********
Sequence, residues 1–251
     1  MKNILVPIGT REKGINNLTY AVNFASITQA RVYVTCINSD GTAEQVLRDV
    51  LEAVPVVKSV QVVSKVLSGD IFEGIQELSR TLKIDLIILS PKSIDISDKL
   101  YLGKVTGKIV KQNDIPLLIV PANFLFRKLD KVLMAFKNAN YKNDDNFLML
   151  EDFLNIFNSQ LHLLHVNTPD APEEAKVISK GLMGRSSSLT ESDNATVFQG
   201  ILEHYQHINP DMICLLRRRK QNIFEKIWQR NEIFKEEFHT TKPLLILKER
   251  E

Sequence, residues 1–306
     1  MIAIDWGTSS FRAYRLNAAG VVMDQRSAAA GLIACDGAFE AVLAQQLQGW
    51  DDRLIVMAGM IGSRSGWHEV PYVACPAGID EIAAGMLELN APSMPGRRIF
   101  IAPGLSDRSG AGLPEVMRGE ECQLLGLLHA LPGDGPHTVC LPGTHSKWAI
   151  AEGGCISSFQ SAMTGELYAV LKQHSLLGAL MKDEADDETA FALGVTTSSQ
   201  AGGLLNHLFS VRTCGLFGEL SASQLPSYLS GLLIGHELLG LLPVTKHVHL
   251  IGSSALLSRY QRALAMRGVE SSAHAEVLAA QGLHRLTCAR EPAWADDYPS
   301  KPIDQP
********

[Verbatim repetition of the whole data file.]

Sequence, residues 1–251
     1  MKNILVPIGT REKGINNLTY AVNFASITQA RVYVTCINSD GTAEQVLRDV
    51  LEAVPVVKSV QVVSKVLSGD IFEGIQELSR TLKIDLIILS PKSIDISDKL
   101  YLGKVTGKIV KQNDIPLLIV PANFLFRKLD KVLMAFKNAN YKNDDNFLML
   151  EDFLNIFNSQ LHLLHVNTPD APEEAKVISK GLMGRSSSLT ESDNATVFQG
   201  ILEHYQHINP DMICLLRRRK QNIFEKIWQR NEIFKEEFHT TKPLLILKER
   251  E

Sequence, residues 1–306
     1  MIAIDWGTSS FRAYRLNAAG VVMDQRSAAA GLIACDGAFE AVLAQQLQGW
    51  DDRLIVMAGM IGSRSGWHEV PYVACPAGID EIAAGMLELN APSMPGRRIF
   101  IAPGLSDRSG AGLPEVMRGE ECQLLGLLHA LPGDGPHTVC LPGTHSKWAI
   151  AEGGCISSFQ SAMTGELYAV LKQHSLLGAL MKDEADDETA FALGVTTSSQ
   201  AGGLLNHLFS VRTCGLFGEL SASQLPSYLS GLLIGHELLG LLPVTKHVHL
   251  IGSSALLSRY QRALAMRGVE SSAHAEVLAA QGLHRLTCAR EPAWADDYPS
   301  KPIDQP